My Thoughts on Delayed Gratification

I have the tendency to believe that a lot of things in life are a constant waiting game. We are always after something in the future, a proposed goal or ambition, and we are counting down the days until we get there. I know I get very psycho-analytical on my blog—a bit deep at times—and am in no way an expert on our human-like tendencies, but just from what I know and feel, there's something about this waiting "game" that has resonated with my current situation so much. 

Whether it be sending out pitch emails, applying for an internship, or even ordering cupcakes at 10 o'clock at night, I feel like there's always something to be wanted, awarded, or desired and we are just too insistent on getting that cupcake ASAP. 

My amateur knowledge of psychology and what I have learned about delayed gratification is that an individual resists the temptation of immediacy and the "I want it now!" Veruca Salt mentality. The selfish greed in all of us wanting to know the unknown, I mean everyone hates not knowing, right? I've had many instances where I've found patience a virtue and I'd like to say that I have become a pretty patient person, but sometimes that patience turns into obsession and, as a result, inexhaustible self-doubt.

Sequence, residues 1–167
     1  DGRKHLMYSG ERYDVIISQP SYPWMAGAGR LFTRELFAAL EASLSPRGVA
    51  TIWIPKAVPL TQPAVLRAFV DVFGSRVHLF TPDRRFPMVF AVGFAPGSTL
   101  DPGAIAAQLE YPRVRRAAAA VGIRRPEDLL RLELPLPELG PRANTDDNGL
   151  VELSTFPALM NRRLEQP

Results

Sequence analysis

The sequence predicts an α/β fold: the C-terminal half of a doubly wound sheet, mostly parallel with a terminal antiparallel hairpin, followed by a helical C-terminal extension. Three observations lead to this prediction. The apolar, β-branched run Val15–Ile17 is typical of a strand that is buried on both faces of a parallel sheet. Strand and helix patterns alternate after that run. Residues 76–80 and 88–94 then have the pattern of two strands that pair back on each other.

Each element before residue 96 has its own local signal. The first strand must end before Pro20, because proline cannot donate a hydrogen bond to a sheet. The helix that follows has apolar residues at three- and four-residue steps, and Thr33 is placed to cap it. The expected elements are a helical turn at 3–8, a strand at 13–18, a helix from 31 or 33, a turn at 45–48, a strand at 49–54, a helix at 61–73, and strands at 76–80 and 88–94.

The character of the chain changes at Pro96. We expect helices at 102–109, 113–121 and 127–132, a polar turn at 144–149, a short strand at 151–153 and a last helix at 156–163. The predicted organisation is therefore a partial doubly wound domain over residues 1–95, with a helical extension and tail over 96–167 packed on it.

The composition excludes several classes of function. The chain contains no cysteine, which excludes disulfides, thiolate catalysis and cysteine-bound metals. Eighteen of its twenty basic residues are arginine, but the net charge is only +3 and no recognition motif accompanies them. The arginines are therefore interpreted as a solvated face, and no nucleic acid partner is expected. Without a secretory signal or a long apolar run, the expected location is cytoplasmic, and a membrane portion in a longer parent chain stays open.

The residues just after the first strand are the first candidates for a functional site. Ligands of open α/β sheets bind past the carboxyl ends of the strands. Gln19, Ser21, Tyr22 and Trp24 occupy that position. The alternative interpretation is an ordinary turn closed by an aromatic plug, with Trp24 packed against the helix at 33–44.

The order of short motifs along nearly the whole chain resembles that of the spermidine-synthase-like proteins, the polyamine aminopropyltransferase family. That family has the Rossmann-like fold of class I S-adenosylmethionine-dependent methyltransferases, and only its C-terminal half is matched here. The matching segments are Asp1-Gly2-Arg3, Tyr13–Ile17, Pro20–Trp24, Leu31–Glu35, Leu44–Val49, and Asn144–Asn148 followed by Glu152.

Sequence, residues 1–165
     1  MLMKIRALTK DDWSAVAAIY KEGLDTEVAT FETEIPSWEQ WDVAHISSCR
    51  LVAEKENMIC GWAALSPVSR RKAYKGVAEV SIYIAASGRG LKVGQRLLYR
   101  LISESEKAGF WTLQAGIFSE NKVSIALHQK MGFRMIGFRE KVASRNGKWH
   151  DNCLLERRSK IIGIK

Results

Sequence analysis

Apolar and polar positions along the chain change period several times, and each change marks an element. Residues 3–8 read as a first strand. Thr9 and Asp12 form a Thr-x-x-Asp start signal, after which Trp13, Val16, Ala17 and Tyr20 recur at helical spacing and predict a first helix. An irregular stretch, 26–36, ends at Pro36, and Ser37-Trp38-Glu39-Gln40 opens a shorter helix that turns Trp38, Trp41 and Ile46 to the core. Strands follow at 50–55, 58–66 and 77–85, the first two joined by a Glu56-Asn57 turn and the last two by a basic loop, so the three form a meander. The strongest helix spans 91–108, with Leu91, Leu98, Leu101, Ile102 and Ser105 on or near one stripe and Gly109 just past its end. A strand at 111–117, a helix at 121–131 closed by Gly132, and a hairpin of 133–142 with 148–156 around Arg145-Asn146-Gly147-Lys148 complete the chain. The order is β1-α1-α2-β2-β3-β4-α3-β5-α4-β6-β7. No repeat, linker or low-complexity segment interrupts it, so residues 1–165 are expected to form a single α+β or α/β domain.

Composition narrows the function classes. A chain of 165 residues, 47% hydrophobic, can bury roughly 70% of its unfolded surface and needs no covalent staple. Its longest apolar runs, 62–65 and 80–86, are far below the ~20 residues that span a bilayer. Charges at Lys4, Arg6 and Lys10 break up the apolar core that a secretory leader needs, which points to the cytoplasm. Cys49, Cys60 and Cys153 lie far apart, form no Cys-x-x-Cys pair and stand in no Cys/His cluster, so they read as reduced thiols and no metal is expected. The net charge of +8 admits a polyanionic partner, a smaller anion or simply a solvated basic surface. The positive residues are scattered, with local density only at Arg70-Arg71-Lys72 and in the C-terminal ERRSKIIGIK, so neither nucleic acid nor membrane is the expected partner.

I think many could agree that life is just a waiting game. We are all going after our ambitions, applying ourselves, testing the waters, taking our shot, in hopes of finding something bigger and better—and something as delicious as a 10 o'clock red velvet cupcake. At times, I've found myself dreading over exam grades, scholarships, and getting accepted into my number one college. It made me the most persistently annoying human being during high school because my future, as I believed, was determined by this one "congratulations" email I so desperately yearned for my entire senior year, only to find out I got a scholarship a week after my graduation of high school.

I have the tendency to resort to self-doubt, and therefore lose all the agency I had when I applied myself to these things in the first place; whether it be an internship, job, or study abroad program. It's so easy for us to give something our all and then when we don't get a response within a week, we slowly start to chip away at the fine marble that is our ambition, our passion, and everything we worked ourselves up to be. 

There is truth to the delay of the reward, and that is not only a huge feeling of relief but also a sense of greater significance. We seem to forget how much work we put into these things when the suspension isn't built or we don't recognize this sensation of gratitude that should arise from it. 
I've grown an appreciation for these opportunities to reflect, and as I wonder where these opportunities will take me, I find myself more present and focused on what I'm currently doing, rather than dwelling on whether or not I'm going to make it in the end. I'm more in tune with my passions this way, and to cultivate a sense of gratitude for these aspirations that await for us, who knows what could happen, so why wait?

I just find life so much more bearable when we commit fully to the things we aspire to most and move on from wondering for a second why we might not be capable of achieving these things. Whether you find out tomorrow, next week, or a month from now, that cupcake is going to taste so good later knowing you were right where you needed to be.  

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